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Living A More Sustainable Life

Global warming. Climate change. Sustainability. Eco-friendly. Clean energy. I am certain that you have heard or read these buzzwords just about everywhere, but what do they mean?

Quick breakdown: basically our planet is warming, becoming hotter than it needs to be, and this is disrupting major ecosystems including our own. The planet’s warming temperature is brought on by fossil fuels. Fossil Fuels? Fossil fuels such as coal, crude oil, and natural gas are all burned and released into our atmosphere during the production and manufacturing of products. Doesn’t seem too bad, right? Wrong. Fossil fuels release harmful gases, like carbon, methane, and nitrogen oxide, in large amounts. So when fossil fuels are heated, they emit harmful gases and these gases (and the heat) then become trapped into our atmosphere. These gases really bring the heat. And, with our planet increasing in temperature, this causes big ice caps and glaciers to melt, which increases our sea and ocean levels, which changes our weather patterns and different weather patterns produce droughts, low crop yields, extreme heat, species extinction, and more.

Now you are thinking, “How can I help slow warming temperatures, which seems natural?” The products and energy that we use in our daily lives are the culprit, which means WE ARE THE PROBLEM.

How can we help sustain both the planet and the lives on the planet? 

1. Eliminate Single-Use Plastic

Single-use plastic, what’s that? Just as the name implies, it is a plastic product that will be used once then trashed. Single-use plastic comes in the form of shopping bags, straws, take-out cutlery, food packaging, beverage bottles, and more. Instead, opt for reusable and cloth tote shopping bags, metal reusable straws, bamboo reusable cutlery, glass storage containers, and glass water bottles. Eliminating your use of single-use plastic is just a start; ideally we should set to eliminate all plastic production and use.


2. Reduce Your Energy Footprint

Remember when you were a child and the rule was to turn off the water while brushing your teeth? Yeah, that same rule applies today. Reduce your shower time. Turn off lights and unplug appliances and electronics when not in use. Delete old, read, and spam emails frequently. Opt for energy-efficient appliances. I know using our AC less in southern states can be somewhat challenging with our summers, but try to open windows more. Also, clean your air ducts and filters frequently. For laundry, wash only full loads and wash in cold water and air dry when possible. Use a power strip. Opt for cleaner cleaning products

3. Buy Less

Do you really need all of the things in all of the colors, styles, and patterns? Probably not. Overconsumption and rapid production of goods play an enormous role in our climate crisis. It is simple: when you choose wisely and buy less, companies produce less, which decreases our fossil fuel production. Not only is the production of goods harmful but so is the waste of goods. Waste in both the sense of disregard and overproduction. The air and water pollution that is resulting because of the amount of goods we toss yearly is mindblowing. Become more intentional with what and how much you purchase and what companies you choose to purchase your goods.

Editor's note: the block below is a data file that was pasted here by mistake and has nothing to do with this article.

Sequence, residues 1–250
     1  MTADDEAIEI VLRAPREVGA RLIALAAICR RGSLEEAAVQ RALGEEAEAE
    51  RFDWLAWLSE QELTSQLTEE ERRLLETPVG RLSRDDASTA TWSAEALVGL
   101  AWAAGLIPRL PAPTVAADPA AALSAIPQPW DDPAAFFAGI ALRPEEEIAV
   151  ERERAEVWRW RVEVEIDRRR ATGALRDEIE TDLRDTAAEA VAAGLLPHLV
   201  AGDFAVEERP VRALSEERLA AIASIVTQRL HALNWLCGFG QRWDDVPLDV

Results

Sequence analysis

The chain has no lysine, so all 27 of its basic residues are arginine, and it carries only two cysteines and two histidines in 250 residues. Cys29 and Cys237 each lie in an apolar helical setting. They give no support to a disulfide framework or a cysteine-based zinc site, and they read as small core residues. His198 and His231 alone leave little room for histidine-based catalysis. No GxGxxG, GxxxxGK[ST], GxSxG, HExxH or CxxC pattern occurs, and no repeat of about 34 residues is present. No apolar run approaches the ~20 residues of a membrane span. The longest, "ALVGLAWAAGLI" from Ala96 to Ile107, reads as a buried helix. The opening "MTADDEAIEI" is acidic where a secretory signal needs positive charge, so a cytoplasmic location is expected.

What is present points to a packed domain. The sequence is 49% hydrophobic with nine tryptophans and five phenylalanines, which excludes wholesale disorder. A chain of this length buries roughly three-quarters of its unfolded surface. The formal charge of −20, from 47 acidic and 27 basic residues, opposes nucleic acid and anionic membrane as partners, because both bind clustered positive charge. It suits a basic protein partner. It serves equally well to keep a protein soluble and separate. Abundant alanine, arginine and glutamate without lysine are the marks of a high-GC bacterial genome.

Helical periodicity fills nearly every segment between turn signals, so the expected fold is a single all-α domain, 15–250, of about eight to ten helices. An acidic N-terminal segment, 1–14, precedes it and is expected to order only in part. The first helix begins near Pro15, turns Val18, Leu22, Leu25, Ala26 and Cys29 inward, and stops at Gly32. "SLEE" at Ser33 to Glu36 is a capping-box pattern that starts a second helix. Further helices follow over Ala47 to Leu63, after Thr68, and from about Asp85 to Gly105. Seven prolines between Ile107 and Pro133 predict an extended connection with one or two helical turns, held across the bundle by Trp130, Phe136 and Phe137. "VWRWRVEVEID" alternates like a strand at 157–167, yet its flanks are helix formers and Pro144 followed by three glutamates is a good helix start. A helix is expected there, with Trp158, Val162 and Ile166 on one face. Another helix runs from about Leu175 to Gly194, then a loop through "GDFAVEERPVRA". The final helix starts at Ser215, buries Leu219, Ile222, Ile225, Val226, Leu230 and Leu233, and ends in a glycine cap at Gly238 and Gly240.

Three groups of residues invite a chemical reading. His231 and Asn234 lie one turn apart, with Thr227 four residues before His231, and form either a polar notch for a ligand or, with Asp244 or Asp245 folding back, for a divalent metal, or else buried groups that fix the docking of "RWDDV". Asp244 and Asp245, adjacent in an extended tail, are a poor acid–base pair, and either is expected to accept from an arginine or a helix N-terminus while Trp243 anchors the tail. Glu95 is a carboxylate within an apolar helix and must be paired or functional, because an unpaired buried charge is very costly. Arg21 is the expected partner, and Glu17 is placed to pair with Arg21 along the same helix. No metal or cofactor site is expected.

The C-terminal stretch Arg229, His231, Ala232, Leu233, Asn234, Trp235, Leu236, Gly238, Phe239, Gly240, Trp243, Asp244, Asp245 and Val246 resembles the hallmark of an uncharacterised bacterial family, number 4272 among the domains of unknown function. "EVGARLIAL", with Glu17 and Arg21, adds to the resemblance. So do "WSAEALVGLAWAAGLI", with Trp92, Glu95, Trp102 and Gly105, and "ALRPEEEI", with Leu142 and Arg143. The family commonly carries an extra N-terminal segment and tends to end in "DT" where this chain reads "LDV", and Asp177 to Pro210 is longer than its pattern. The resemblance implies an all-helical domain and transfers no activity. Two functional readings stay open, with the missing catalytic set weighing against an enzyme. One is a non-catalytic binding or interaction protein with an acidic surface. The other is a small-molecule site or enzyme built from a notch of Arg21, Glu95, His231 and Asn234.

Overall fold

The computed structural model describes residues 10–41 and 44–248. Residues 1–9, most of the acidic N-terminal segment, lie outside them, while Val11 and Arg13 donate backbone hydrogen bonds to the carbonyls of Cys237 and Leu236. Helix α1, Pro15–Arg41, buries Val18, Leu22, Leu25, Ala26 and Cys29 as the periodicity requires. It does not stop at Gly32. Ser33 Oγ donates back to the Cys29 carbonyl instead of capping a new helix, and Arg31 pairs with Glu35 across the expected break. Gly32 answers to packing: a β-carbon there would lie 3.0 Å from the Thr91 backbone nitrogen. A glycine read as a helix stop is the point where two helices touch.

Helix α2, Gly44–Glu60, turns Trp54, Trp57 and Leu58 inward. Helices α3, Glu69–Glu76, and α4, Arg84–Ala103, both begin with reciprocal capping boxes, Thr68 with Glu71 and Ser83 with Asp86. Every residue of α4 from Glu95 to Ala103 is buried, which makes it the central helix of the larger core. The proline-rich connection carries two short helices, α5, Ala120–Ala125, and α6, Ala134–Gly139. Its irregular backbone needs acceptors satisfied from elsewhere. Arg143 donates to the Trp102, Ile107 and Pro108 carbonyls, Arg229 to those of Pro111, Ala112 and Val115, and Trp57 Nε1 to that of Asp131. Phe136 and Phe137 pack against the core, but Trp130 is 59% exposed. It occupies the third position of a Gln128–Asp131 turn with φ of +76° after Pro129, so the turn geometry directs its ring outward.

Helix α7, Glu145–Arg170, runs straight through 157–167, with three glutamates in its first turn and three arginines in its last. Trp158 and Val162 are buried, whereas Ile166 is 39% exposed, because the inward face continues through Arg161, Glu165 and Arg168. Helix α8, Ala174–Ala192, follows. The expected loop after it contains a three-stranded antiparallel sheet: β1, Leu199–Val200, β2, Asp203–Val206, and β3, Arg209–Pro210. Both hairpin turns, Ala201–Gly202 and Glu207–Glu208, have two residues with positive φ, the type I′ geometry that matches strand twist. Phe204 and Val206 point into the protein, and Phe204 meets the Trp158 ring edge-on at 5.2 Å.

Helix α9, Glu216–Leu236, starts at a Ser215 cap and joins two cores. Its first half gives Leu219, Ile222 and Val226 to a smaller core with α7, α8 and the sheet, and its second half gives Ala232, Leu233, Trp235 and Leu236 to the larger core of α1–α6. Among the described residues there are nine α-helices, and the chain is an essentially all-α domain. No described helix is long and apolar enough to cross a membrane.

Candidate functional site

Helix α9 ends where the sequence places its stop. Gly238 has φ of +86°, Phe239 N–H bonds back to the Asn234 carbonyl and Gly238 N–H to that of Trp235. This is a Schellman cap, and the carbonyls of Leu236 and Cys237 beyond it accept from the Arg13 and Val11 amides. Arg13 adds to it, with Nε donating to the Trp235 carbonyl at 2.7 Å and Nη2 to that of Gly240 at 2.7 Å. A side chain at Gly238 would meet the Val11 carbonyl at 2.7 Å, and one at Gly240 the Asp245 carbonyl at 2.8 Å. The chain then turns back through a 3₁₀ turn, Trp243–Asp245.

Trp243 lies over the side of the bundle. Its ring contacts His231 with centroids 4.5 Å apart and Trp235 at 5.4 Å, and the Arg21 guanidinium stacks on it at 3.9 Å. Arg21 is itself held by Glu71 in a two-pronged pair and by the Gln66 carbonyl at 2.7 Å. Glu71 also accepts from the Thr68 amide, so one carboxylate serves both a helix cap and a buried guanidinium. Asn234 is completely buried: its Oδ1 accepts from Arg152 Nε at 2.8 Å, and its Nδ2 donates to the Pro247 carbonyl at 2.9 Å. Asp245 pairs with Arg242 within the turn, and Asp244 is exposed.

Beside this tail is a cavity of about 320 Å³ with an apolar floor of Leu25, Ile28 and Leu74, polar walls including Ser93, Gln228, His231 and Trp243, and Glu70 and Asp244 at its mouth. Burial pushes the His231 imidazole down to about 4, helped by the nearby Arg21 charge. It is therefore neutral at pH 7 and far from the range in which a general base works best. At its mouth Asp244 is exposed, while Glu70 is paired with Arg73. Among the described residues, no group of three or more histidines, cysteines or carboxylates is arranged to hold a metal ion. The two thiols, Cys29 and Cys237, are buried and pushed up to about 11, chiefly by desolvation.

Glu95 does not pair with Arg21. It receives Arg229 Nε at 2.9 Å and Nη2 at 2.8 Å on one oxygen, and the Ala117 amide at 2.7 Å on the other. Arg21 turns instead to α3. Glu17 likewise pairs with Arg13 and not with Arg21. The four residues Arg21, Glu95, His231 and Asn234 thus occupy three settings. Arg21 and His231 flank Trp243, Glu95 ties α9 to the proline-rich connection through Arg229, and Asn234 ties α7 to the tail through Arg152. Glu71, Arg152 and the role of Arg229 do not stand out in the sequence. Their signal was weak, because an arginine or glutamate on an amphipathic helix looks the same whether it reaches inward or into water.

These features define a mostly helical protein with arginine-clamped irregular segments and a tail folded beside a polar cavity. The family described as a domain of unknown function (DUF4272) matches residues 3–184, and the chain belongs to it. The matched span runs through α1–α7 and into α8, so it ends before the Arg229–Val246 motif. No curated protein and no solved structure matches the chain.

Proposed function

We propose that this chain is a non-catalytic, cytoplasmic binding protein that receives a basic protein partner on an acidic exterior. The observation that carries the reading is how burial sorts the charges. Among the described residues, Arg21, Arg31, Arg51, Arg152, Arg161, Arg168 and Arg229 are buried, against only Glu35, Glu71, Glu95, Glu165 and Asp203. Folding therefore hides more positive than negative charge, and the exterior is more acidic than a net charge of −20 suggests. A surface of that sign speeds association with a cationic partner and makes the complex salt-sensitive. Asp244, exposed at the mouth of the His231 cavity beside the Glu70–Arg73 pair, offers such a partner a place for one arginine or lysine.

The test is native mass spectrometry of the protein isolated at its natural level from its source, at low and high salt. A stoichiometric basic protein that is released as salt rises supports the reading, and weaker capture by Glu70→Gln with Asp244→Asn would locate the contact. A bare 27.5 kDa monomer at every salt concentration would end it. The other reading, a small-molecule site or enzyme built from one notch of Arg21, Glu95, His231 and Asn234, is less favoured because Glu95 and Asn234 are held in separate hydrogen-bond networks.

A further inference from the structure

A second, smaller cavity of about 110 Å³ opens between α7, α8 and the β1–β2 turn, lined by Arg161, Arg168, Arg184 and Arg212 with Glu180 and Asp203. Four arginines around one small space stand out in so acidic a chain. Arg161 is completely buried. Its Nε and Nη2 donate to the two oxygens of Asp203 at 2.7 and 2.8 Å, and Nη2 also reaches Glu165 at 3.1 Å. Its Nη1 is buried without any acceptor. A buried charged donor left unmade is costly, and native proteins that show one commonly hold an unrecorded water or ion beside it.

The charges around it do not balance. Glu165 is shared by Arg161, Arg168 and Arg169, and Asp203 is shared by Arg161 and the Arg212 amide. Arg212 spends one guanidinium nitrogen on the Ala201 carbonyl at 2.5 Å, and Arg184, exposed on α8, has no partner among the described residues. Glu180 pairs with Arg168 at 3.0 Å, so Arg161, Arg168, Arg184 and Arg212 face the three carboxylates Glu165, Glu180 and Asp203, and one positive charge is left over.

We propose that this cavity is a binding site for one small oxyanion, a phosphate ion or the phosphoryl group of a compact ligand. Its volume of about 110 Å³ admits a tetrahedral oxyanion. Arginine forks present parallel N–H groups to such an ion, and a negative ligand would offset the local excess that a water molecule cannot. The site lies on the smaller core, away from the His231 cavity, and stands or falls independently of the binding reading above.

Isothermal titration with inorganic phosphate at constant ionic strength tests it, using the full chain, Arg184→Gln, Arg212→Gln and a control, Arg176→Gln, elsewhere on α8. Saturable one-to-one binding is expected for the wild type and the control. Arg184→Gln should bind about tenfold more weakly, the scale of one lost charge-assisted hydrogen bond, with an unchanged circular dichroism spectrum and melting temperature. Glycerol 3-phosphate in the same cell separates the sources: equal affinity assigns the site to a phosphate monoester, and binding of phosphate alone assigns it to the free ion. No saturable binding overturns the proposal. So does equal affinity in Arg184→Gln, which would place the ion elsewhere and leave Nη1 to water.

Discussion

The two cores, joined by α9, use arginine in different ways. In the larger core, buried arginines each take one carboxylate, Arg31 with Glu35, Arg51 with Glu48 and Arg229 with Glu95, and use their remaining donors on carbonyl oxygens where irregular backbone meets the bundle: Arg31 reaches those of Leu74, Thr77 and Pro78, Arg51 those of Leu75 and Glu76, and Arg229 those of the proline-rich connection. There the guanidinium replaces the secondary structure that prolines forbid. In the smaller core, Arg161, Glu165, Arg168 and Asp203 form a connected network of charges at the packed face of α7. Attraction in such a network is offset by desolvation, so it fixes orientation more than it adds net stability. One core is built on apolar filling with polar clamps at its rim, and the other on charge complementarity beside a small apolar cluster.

4. Eat Less Meat

“But where will I get my protein?” Um, the same place where your beef got it’s protein: the plants. I am not vegan, but our current animal agriculture practices hold the second leading role in our climate crisis. This is leading to the rapid degradation of our land, specifically our soil. Most of the crops grown, like wheat, corn, and soy are grown for the animals raised for the food industry. Over time the farming practices have become less environmentally friendly with the added use of chemicals, over farming, and animal waste. The inhumane practices of animal farming adds to those trapped gases we discussed earlier. Not only are the gases released into our atmosphere but all of the chemicals that were injected to the animal are then released into the animal’s waste and the animal’s waste toxins eventually end up in our drinking water supply. Animal agriculture gives us a 2 for 1 special with air and water pollution. So, add Meatless Mondays to your calendar. Check out this guide on on eating a vegetarian diet. Shop your local farmer’s markets. Buy Organic, NON-GMO, Vegan, Free-Range, and more when possible. Buy seasonal fruits and vegetables. Swap for dairy alternatives. Give your green thumb a try and grow your own produce and herbs.

sustainable farming

5. Monitor your waste

Get up close and personal with your family’s waste, food and material. Did you know that 94% of the food we toss out ends up in our landfills? Take your produce scraps and start composting. Start meal planning. Shop for less packaged foods. Store your foods properly. Before you recycle your unwanted material goods, try upcycling and donating to someone in need. If you recycle, recycle properly. Get familiar with the things that can and cannot be recycled. The EPA created the perfect guide on how to recycle.

These few tips are great and sure to jumpstart you leading a more sustainable lifestyle in no time, but the overall goal is for us to reduce our consumption in all resource and energy areas of our lives. The family follows Mom, so continue to educate yourself on current events relating to our climate crisis and the solutions that we can add to our lifestyles to combat it. We got to somewhat enjoy this planet and all of its beauty but our children are just getting started and the future of their planet is not so bright. Can you imagine our children not experiencing certain animals, beaches, fresh air, and clean water? I cannot.

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